To those fun-suckers, I reply with a couple questions of my own: "How can you quantify that feeling you get when you're reaching for the big dog on a long par 5, and Yoda is looking you in the eye?" and "can you evaluate the mental edge you get over your playing buddies you have when you're packing a pair of American flag boxing gloves over the woods in your bag?"

You can't. So now that we can all agree that head covers are awesome, you can understand why we reached out to you all on social media (follow us on Facebook, Twitter, and Instagram if you aren't already!) trying to find the coolest head cover in golf. You all did not disappoint:

Some solid advice here from Travis Young:

 

Nate Cleghorn sent us Stewie from "Family Guy":

 

 

Bill Murray would not approve of this submission from Barbie Starks:

 

Shirley Wong brings us Garfield. I bet this golf club tastes like lasagna:

 

 

 

Martha Hudson gives us Grumpy from "Snow White":

 

 

What Adam Proto lacks in figurines, he makes up for in color:

 

 

We take it that David Greeno is a Notre Dame fan:

 

 

Molly Switzer asks, "who says golf and unicorns can't go together?":

 

 

After some research, I've determined that this submission from Colin Reston is the mascot for Scottish football club Partick Thistle:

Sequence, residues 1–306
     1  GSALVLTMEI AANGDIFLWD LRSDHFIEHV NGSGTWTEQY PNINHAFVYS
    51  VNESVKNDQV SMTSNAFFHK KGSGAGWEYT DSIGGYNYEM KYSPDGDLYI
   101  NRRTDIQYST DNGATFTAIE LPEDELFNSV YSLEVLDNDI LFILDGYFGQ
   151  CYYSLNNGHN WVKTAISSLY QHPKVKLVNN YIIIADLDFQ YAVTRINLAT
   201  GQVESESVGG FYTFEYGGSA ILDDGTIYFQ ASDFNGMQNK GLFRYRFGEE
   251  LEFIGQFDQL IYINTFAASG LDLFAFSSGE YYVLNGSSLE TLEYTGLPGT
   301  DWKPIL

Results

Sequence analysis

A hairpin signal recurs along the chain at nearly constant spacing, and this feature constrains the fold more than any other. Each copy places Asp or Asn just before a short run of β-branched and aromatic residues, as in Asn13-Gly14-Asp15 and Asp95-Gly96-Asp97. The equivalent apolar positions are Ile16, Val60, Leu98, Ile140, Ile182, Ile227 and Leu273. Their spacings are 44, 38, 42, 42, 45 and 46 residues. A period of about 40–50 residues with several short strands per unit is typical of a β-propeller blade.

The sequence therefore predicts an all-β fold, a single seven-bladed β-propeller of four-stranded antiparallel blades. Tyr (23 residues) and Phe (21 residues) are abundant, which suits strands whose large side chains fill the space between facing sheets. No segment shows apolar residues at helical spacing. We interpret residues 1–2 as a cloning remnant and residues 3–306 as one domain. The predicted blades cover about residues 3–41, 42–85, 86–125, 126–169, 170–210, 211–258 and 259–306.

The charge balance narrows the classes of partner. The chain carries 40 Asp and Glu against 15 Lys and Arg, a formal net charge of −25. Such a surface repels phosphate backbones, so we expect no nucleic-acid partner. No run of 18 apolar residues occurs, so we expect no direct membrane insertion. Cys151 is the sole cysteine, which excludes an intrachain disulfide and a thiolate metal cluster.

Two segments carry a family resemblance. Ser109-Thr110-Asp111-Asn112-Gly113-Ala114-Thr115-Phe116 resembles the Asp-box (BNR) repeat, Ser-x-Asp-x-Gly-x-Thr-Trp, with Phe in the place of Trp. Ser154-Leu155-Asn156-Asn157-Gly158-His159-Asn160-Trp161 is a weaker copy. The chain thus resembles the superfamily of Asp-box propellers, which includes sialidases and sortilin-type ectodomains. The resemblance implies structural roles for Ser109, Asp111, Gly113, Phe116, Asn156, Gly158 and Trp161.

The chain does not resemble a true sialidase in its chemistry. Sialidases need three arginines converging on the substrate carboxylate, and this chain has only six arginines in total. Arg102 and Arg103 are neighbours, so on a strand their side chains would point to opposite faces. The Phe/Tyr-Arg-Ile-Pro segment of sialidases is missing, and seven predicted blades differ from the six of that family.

Matt Erwin's crab is always watching him:

 

 

I'm not entirely sure if this dog from Jim Szink is a head cover or an actual dog:

 

 

Lynette Garverick King says her husband is always sporting Cool Eddie:

Atakan Karakaya has an entire zoo operating in his bag:

 

 

November 4, 2016 - 11:14am
Posted by:
T.J. Auclair
tj.auclair's picture
fall, golf
T.J. Auclair/PGA.com
For many, fall is the best season of all to enjoy a day out on the golf course. Nothing beats the scenery this time of year.

Fall golf is a double-edged sword, especially for those of us who live in areas that experience all four seasons.

On the one hand, it's bar none the most beautiful, most scenic time of the year to hit the links. On the other hand, it means that golf season will be ending... quickly.